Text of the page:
Traditional Guatemalan Christmas Food: 4 Dishes You Should Try
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Guatemalan national currency is named after the resplendent quetzal. One of the most beautiful birds in the world and a national symbol of Guatemala, quetzal was held in high esteem by the ancient Mayans who used the bird’s tail feathers as a form of currency. The quetzal historically utilized the gold standard and was pegged to the American Dollar from 1923 (when it was introduced) to 1987. Despite being a floating currency since then, the Guatemalan quetzal enjoys relatively stable exchange rates and traded between 7.62 and 7.675 GTQ for 1 USD in July 2015.
Most of Guatemalan coins are minted from an alloy of copper, zinc and nickel. The only exception is the 1 centavo coin which is made of an alloy of aluminum and magnesium (thus the light weight of the coin). The front of every coin minted by the Guatemalan government has the Guatemalan coat of arms. Here is what the coins look like.
1 Guatemalan Centavo
Weight: 0.8 g.
5 Guatemalan Centavos
Diameter: 16 mm.
Weight: 1.6 g.
10 Guatemalan Centavos
Diameter: 21 mm.
Weight: 3.2 g.
25 Guatemalan Centavos
Diameter: 27 mm.
Weight: 8 g.
50 Guatemalan Centavos
Diameter: 24.25 mm.
Weight: 5.5 g.
1 Quetzal Coin
Diameter: 29 mm.
Weight: 11 g.
Like many other countries, Guatemala uses the obverse (front) size of its paper currency bills to commemorate notable citizens of the country who played a significant role in its life. The reverse (back) is reserved for Guatemala’s national symbols, as well as metaphoric representations of the country and meaningful events in its history. A curious trait that distinguishes Guatemalan paper currency is that the denomination of the bills is shown in the ancient Mayan numerals as well as standard Arabic ones.
Tecún Uman, one of the last rulers of native Mayan people (who was killed in action in a battle against a famous Spanish conquistador Pedro de Alvarado) and a national hero of Guatemala since 1960, is portrayed on the observe of the bill. The reverse features Tikal Temple I, one of the largest Mesoamerican pyramids and a widely recognizable symbol of Guatemala.
General José María Orellana who was Guatemala’s President in 1921-1926 and who created the quetzal currency in 1923, is portrayed on the front of the one quetzal bill. The building of the Banco de Guatemala (National Guatemalan Bank) is depicted on the reverse.
The obverse features General Justo Rufino Barrios, the President of Guatemala in 1873-1885, who was known for his liberal views and attempts to unite the Central America. A true patriot of his country, was killed in action during the Chalchuapa Battle. The reverse is a metaphor of literacy and education.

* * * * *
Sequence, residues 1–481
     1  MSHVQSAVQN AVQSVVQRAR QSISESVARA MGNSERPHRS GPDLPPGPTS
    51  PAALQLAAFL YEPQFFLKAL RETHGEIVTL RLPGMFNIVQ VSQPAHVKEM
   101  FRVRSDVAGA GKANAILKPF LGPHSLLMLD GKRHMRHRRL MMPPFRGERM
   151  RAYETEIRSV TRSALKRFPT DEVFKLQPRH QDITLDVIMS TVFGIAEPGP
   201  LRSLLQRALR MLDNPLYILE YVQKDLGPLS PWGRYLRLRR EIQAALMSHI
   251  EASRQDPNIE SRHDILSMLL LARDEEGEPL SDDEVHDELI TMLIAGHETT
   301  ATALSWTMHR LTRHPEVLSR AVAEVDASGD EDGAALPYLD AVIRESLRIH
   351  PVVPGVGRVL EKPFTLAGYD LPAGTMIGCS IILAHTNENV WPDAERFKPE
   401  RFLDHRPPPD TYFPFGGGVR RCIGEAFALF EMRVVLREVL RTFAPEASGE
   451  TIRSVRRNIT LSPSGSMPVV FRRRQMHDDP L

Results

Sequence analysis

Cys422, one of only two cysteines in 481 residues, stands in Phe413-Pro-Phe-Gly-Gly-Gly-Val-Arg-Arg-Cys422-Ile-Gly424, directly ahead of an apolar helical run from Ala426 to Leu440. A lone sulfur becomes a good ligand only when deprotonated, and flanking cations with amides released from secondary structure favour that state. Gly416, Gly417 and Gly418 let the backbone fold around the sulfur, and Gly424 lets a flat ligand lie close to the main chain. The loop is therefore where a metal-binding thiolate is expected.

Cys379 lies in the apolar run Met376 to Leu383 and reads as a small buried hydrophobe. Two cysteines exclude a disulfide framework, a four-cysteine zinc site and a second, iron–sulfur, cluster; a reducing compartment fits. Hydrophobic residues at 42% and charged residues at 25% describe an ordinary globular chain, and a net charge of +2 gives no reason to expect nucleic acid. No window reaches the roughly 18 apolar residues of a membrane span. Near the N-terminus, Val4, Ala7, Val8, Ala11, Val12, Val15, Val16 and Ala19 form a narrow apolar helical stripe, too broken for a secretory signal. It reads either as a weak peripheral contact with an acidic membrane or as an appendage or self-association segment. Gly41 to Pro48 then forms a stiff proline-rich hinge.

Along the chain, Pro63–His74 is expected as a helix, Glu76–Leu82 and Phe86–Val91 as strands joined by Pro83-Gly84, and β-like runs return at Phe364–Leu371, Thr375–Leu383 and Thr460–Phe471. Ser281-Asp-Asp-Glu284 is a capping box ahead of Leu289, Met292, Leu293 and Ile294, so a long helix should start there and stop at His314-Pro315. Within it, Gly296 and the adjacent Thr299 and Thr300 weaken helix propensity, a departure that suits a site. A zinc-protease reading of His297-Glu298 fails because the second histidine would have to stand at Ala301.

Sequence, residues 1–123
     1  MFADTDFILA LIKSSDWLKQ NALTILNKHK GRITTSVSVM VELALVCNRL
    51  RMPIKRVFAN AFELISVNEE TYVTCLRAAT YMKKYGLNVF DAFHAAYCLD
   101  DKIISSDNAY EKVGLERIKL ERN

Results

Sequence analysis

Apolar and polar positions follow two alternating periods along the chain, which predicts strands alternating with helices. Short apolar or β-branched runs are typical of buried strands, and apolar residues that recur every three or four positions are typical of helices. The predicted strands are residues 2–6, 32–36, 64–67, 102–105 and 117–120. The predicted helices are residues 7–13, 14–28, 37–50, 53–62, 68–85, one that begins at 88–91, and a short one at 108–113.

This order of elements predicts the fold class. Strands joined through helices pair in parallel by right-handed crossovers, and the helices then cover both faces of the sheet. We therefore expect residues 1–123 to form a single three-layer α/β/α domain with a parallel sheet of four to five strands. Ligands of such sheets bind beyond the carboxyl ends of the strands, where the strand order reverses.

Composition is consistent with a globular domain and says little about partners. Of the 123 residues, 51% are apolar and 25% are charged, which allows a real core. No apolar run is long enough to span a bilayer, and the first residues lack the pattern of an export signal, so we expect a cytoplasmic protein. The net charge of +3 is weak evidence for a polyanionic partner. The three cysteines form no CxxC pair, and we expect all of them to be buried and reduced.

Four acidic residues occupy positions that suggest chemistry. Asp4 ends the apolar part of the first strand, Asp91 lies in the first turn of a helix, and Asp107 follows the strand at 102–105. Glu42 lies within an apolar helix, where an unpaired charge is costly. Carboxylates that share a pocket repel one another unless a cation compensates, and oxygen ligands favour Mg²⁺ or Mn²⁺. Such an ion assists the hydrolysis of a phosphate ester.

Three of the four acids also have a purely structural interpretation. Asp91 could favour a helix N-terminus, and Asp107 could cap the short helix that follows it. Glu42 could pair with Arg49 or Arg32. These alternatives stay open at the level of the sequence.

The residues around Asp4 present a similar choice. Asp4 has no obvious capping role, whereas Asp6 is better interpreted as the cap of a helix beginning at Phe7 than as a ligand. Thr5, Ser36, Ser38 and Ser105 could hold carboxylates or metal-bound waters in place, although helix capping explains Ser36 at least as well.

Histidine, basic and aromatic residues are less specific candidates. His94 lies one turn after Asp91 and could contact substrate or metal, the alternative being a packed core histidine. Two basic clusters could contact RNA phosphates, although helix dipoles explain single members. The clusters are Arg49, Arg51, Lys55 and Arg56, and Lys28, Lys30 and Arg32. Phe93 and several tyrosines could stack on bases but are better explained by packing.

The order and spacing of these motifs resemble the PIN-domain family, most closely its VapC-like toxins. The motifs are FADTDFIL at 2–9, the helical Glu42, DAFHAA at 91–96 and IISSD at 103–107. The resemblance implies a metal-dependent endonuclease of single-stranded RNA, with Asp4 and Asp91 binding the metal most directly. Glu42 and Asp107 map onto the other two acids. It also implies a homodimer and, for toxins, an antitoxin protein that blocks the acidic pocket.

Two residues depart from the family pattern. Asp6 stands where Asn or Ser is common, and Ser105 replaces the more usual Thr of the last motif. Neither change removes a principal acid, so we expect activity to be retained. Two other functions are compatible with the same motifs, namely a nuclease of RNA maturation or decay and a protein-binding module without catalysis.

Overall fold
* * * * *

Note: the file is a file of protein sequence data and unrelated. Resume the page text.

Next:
The obverse bears a portrait of another Guatemalan politician Miguel García Granados who served as the country’s president in 1871-1873. His most enduring contribution to the country’s history is the creation of the Guatemalan national flag which remained virtually unchanged since 1871. A session of the National Legislative Assembly is shown on the reverse.
20 quetzales bill continues the tradition of showing Guatemalan presidents on the obverse with Doctor Mariano Gálvez who was Head of State between 1831 and 1838 and vehemently opposed the influence on the Roman Catholic Church on the country’s politics. The reverse shows the Signing of the Act of Independence of Guatemala.
The obverse shows Carlos Zachrisson, Chancellor of the Exchequer and a crucial promoter of the banking reform in 1923-1926. It was due to his efforts that the Guatemalan quetzal was pegged to the value of the American Dollar. On the reverse there is a depiction of Guatemalan peasants harvesting coffee.
The obverse commemorates Francisco Marroquín, the first Bishop of Guatemala, who was renowned for his knowledge of indigenous languages and efforts to protect the natives of the Guatemalan region. One of modern Guatemalan universities is named after him. The reverse shows the interior view of another Guatemalan university, that of San Carlos de Borromeo.
A trio of national Guatemalan composers and marimba players, Sebastian Hurtado, Mariano Valverde, and German Alcántara, is portrayed on the observe. The reverse is a picture of marimba itself. If you have a smartphone and explored the different melodies it can play, you may know exactly how marimba sounds if you ever came across of the ringtone of the same name.
Sharemoney is proud to feature Guatemala among the other Central American countries in its transfer network. Guatemala’s large dependency on money remittance (more than 8% of its GDP is made of international remittances) calls for special attention when it comes to enabling Guatemalan citizens living and working overseas to send money home. Sharemoney has been committed to facilitating quick money transfers to Guatemala in both USD and quetzales. Sharemoney not only partners with all the major payors banks in Guatemala (including Banco Industrial, Banrural, Banco Azteca, Banco G&T Continental and City), but also offers one of the most competitive exchange rates for the Guatemalan quetzal. Go to Sharemoney’s Guatemalan page to learn more about how you can send money to Guatemala online in a better, cheaper and more convenient way.
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